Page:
How can landlords comply with the Renting Homes (Wales) Act?
By |Published On: 15th June 2023|

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How can landlords comply with the Renting Homes (Wales) Act?

By |Published On: 15th June 2023|

The Renting Homes Act (Wales) 2016 has, after a few delays and amendments in response to public concerns, replaced the old Assured Shorthold Tenancy (AST) system.

What is the Renting Homes (Wales) Act?

In December 2022, nearly all the key aspects of renting property in Wales changed. Occupation contracts, in replacement of tenancy agreements, were introduced. Changes were made to succession rights, minimum contract and notice requirements, and joint contracts. Also, new rules ensuring properties are fit for human habitation came into force.

The Welsh Government says that the new law means a simpler system for landlords.

Overall, the law on renting property in Wales now includes higher standards for properties in the private rented sector. We’re only giving a brief summary here, as a detailed account is available online from the Welsh Government.

Headline changes of the Renting Homes (Wales) Act

Replacing old-style tenancy agreements with occupation contracts.

All new lets since 1st December 2022 must be under a new-style occupation contract. All existing tenancy agreements must be converted to new-style contracts as of 1st June 2023.

Changes to rental housing notice periods

Landlords who want to regain possession of their property for no specific reason now need to give tenants six months’ notice. Landlords won’t be able to give notice until six months after the contract starts, and only if they’ve registered with Rent Smart Wales (which is mandatory in Wales) and follow deposit protection rules.

If a tenant breaches their occupation contract, the landlord will still need to give one month’s notice. For serious issues such as anti-social behaviour and rent arrears, the minimum notice period could be shorter.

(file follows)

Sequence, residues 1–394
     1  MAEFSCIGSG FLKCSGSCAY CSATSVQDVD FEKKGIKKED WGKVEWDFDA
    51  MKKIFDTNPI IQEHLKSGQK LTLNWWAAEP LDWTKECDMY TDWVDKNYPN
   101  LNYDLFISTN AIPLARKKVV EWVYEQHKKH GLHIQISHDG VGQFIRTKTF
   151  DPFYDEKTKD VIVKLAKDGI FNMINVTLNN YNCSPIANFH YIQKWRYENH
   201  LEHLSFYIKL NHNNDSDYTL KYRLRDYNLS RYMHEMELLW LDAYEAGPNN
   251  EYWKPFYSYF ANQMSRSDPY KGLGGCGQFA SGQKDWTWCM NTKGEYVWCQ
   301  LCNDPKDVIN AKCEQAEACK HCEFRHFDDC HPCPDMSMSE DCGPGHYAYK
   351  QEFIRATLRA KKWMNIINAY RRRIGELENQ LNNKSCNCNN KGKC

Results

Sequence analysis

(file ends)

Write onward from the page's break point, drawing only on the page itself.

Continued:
Property condition

Landlords must ensure their property is ‘fit for human habitation’. Most will already be doing their best anyway, but do be sure not to get caught out by the detail of the new regulations which include:

This includes:

  • completing regular electrical safety tests
  • fitting working carbon monoxide alarms and smoke detectors
  • keeping water, gas, and electricity supplies in working order
  • keeping the structure and exterior of the property in good condition

Succession rights in Welsh rental properties

Tenants now benefit from improved ‘succession’ rights and landlords have more clarity around who has a right to continue living in a rental property if, for example, the current tenant dies.

A successor can include a spouse or civil partner, or other family member, of the contract holder or have been living with the contract holder as their principal home before the contract holder’s death. In some cases, a carer may become a successor to the contract if they were living with the contract holder.

Making joint tenancies simpler

The Act also makes life easier for both landlord and tenant when there are joint contract holders, so there’s no need to create new contracts when tenants change. A tenant may add another person to be a joint contract-holder, with permission of the landlord, under the same occupation agreement. They become jointly liable to the obligations set out in the contract from the day they become a joint Contract Holder.

A joint contract holder who leaves the tenancy will still be liable for anything accrued while they are party to the contract.